Geneva, Jul 27 (EFE).- More than 600 million children across the world are missing classes due to school closures induced by the ongoing coronavirus pandemic, UNICEF warned on Tuesday.
The UN body predicted that this situation would have long-term negative consequences on child development in many countries for years.
“Education, safety, friends and food have been replaced by anxiety, violence, and teenage pregnancy,” UNICEF spokesperson James Elder said during a press conference in Geneva.
Elder added that reopening schools should not be tied to the vaccination of all teachers and students, given the shortage of coronavirus vaccine jabs in poorer countries.
“While we recognize that leaders around the world are frequently being forced to grapple with the impossible choice between locking down their communities or helping to facilitate the mass spread of a dangerous disease, schools should be the last to close and the first to reopen,” he continued.
In almost half the countries in Asia and the Pacific, schools have been shut for more than 200 days, while schools in 18 countries and territories in Latin America and the Caribbean remain either closed or partially closed since the outbreak of the pandemic 19 months ago.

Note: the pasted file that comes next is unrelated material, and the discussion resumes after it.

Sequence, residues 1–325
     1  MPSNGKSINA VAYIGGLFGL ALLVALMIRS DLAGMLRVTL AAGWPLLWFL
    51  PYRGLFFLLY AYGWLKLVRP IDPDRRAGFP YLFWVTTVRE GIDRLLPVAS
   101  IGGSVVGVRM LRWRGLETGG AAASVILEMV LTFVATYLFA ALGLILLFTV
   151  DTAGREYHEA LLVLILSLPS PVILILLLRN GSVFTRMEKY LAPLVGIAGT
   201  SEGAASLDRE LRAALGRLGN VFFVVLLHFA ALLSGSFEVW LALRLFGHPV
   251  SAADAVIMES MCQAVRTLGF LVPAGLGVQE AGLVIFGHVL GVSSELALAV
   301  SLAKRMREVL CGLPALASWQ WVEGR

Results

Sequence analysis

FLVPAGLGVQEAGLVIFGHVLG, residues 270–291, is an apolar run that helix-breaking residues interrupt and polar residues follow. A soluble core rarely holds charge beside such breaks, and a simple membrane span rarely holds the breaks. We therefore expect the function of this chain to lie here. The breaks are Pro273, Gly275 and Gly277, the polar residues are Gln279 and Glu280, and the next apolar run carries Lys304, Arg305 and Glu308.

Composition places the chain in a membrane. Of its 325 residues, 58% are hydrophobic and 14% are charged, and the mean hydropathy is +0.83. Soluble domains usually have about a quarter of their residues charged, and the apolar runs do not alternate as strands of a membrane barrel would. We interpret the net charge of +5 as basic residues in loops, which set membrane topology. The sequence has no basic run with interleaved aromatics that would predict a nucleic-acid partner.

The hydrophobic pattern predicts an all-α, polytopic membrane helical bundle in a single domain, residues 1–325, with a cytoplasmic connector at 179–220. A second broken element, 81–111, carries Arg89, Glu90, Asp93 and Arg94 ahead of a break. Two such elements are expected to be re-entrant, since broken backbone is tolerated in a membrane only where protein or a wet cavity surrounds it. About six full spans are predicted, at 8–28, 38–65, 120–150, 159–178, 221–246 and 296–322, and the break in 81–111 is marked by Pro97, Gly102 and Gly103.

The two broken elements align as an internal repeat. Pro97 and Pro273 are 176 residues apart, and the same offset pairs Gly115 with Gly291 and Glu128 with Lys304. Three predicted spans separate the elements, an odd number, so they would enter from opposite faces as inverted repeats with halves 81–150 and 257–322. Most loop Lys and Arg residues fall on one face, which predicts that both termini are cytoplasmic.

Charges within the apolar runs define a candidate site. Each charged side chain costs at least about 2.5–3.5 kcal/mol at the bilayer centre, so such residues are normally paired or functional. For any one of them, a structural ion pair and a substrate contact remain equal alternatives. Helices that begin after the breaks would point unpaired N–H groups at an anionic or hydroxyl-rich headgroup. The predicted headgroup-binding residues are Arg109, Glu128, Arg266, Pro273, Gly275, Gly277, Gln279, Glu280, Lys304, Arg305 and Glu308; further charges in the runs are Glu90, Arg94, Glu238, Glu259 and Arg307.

Africa, however, is the most impacted region.
Some 32 million children have been missing out on classes amid the pandemic because schools are shut or because they did not come back to class after schools reopened.
In addition, 37 million others were already out of school before the pandemic, according to Elder.
“Take Uganda: between March last year and this June, there was a more than 20 percent increase in pregnancy among 10-24-year-olds (who were seeking antenatal care),” he continued, referring to the most serious consequences of the pandemic on girls and adolescents.
Remote learning is not an option for at least a third of the world’s schoolchildren, who lack the necessary technological equipment that allow them to attend classes from home.
UNICEF stressed that the fastest way for children to return to school is to put the pandemic under control, so it has called for $659 million to help countries lacking vaccines, treatments and diagnostic tools. EFE